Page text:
Why Everybody Has Permission to Make All Kinds of Content
You might have heard recently that Jon Stewart signed a contract to produce a series of short-form, daily pieces of content for HBO PR. The pieces will be airing on HBO Now and HBO Go.
Maybe you skimmed the headline and thought “Oh, that’s cool” and moved on. But for me, this felt like part of a much bigger trend. Up until now, big, old companies like HBO have looked at short form content primarily as a way to disseminate their longform stuff, or as special features to accompany it. The fact that they’re now treating short-form as the main event points to some major shifts.This is another signal towards short form becoming the primary form of content. We’ve seen comedians go into this territory before (just look at Jerry Seinfeld’s Comedians in Cars Getting Coffee), but this is HBO making a very public and conscious buy into short form video as more than just a trend. We lived through the two hour movie and the thirty minute sitcom; now short form video is becoming on par with those two previous trends. It is a standard format.
That being said, I want to take this discussion a bit further.
The length of the video needs to correspond to how long it takes to the tell story. Seems like an obvious statement, right? But not to everyone. We are currently in an age of content where all the “gurus” out there are preaching the need to be fast. Quick. The six second VIne. The ten second Snapchat. The “keep all your videos under one minute” fake-best-practices article that you read.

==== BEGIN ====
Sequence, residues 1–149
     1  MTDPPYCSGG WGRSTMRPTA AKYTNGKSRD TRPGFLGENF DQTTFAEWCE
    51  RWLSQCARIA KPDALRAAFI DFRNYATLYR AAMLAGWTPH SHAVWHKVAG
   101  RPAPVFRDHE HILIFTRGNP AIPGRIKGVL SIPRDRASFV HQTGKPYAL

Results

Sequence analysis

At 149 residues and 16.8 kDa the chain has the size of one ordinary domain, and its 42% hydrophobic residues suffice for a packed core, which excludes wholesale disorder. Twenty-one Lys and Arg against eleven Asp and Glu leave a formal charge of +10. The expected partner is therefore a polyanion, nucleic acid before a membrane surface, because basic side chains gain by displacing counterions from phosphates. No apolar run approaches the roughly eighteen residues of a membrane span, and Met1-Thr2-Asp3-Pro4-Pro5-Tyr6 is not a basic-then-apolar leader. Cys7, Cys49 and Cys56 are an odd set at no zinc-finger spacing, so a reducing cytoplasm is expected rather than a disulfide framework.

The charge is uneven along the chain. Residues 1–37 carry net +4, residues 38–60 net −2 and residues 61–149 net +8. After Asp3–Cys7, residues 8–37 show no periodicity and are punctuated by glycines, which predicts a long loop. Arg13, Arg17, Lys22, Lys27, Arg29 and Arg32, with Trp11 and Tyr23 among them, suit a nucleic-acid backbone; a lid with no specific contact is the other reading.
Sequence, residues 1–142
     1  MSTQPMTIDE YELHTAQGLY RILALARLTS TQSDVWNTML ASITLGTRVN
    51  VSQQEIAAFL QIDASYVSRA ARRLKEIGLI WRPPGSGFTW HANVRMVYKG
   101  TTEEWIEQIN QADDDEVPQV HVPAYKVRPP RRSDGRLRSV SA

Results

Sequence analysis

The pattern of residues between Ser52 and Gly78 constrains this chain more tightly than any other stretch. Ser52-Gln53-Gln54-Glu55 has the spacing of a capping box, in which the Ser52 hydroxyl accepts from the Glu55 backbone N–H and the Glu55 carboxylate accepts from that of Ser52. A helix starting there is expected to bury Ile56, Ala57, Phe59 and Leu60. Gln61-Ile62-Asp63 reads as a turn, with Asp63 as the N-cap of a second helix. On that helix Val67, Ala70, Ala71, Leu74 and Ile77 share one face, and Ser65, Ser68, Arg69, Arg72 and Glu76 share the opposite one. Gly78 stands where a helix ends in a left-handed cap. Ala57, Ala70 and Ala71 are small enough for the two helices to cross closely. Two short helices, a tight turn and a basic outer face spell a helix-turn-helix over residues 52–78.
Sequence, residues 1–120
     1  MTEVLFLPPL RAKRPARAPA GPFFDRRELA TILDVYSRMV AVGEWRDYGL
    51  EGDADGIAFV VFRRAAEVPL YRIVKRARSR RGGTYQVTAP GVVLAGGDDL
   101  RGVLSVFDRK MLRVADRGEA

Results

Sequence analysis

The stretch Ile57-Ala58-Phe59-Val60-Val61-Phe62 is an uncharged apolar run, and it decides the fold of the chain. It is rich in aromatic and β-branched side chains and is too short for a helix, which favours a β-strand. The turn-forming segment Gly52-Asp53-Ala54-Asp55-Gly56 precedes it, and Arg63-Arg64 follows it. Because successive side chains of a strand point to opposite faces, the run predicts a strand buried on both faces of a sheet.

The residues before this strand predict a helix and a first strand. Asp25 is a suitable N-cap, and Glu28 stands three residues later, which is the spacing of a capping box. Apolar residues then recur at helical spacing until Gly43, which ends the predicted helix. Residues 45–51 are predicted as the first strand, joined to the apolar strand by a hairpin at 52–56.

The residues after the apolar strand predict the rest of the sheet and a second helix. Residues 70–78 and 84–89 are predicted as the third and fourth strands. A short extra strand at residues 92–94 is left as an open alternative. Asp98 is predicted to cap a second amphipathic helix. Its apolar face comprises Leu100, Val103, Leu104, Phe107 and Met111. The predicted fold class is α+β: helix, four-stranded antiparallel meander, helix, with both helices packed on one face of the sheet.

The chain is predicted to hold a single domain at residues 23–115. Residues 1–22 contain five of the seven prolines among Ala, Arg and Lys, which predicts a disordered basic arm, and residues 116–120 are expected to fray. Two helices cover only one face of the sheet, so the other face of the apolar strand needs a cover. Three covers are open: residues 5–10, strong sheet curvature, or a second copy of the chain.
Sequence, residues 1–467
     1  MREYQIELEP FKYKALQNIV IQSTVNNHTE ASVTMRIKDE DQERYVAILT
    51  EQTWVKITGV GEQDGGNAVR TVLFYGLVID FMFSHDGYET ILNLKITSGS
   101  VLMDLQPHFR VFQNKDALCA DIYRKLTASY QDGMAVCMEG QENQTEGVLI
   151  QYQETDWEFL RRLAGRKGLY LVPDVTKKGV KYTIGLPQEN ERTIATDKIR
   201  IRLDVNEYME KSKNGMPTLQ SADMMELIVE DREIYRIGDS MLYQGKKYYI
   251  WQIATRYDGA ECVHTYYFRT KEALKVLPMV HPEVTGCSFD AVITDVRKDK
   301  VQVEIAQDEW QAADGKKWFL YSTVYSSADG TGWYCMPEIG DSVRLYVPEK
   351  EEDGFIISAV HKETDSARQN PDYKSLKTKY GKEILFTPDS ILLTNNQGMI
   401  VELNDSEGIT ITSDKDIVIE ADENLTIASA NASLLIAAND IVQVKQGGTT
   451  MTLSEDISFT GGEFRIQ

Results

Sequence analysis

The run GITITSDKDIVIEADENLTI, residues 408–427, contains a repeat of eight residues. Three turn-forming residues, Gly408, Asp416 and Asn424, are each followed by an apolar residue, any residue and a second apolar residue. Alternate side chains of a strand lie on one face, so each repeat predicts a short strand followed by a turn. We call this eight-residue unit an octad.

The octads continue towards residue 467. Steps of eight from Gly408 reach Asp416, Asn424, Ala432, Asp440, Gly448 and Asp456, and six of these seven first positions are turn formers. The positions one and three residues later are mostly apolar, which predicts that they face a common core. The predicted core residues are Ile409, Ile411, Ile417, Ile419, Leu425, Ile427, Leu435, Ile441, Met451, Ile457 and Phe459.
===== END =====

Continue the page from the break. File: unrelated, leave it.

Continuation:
But there will be pillars for three minute, six minute and eleven minute content. There will be an enormous amount of videos made between three and twenty minutes that I will still consider short form because, for so long now, we have lived in a world wherein video requires at the very least twenty-two minutes (thirty, with commercials). That has been the standard for a while now.
Over the top networks are continuing to triple down on content, and with that comes the need to diversify their offerings. Video content has enormous upside at the moment, and it’s smart for HBO to recognize the trend of short form. It’s not too dissimilar from their decision to bring on Sesame Street, in fact. They’re continuing to find content producers that have real brand equity in different genres — Like Jon Stewart, for example.
What does this mean for businesses? Go in the opposite direction. Now that HBO is leaning towards content that is more associated with brands and small businesses, companies should embrace the other side of the spectrum. Fortune 500 companies absolutely have the financial means to produce something like Game of Thrones or House of Cards. I’m talking about allocating tens of millions of dollars to producing unbelievable quality content that integrates their brands in a way that will actually engage consumers. HBO is going down into the realm of where brands were and still are. This should be an indicator, maybe a weird one, but an indicator nonetheless, that brands are capable of competing with HBO too.
Let’s not forget: HBO is hiring people to produce this stuff. The dollars that these Fortune 500 companies have allocated to TV commercials currently could be put towards making something you actually want to watch.
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